It took its name from Landau’s friend Paul Jacobs, who contracted cancer that he believed was caused by radiation exposure. He died before the film was completed.

Landau told the AP one of the documentaries he was most proud of was “The Sixth Sun: Mayan Uprising in Chiapas,” which looked at the 1994 rebellion by the impoverished indigenous people of southern Mexico. Landau traveled to Chiapas to interview, among others, the masked revolutionary leader known as Subcommandante Marcos.

His 1968 documentary “Fidel” gave U.S. audiences one of their earliest close-ups of the revolutionary leader who installed Communism in Cuba. It came about after a brief meeting with Castro, who told Landau he had seen a news report he had done on Cuba the year before. “He said he liked the film very much and asked me what my next film was going to be,” Landau recalled. “I said, ‘I’d like to do one on you.'”

In 1971, Landau and fellow filmmaker Haskell Wexler traveled to Chile for a rare U.S. interview with Allende, who had just been elected his country’s president and who would die two years later in a military coup.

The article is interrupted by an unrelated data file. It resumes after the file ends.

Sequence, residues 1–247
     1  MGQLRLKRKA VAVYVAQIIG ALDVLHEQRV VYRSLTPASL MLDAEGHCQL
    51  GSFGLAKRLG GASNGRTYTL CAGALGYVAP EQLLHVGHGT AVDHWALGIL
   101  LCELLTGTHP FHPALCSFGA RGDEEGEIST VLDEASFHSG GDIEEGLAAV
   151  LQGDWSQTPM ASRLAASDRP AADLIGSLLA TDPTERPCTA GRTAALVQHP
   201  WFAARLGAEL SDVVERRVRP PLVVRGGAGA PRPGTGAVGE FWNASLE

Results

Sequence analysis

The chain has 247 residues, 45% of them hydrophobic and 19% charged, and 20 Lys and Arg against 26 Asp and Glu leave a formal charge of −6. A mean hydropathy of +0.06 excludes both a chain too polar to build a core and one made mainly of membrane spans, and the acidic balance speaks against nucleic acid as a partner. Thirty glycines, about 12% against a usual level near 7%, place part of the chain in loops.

Although he made more than three dozen films, Landau said he never set out to be a filmmaker. “I didn’t set out to be anything,” he said in July. “I just fell into it.”

Landau graduated from the University of Wisconsin, Madison, and after moving to San Francisco he was at various times a film distributor, author, playwright and member of the San Francisco Mime Troupe.

Two of his earliest books, “The New Radicals” and “To Serve The Devil” (both co-written with Jacobs), led to his being approached by a San Francisco public television station that wanted a report on ghetto conditions in Oakland. The result was his first documentary, 1966’s “Losing Just The Same.”

A frequent commentator on radio and television in later years, Landau was also a professor emeritus at California State Polytechnic University, Pomona, where he taught history and digital media.

In addition to his son, Landau is survived by four daughters, Valerie, Carmen, Julia and Marie Landau; a sister, Beryl Landau; and his wife, Rebecca Switzer.

A memorial is scheduled for Oct. 12 at the Institute For Policy Studies in Washington, and Greg Landau said Tuesday that arrangements for a public memorial in the San Francisco Bay Area are pending.

This Month in History: Cuban Intelligence Permeated Chilean Government Reply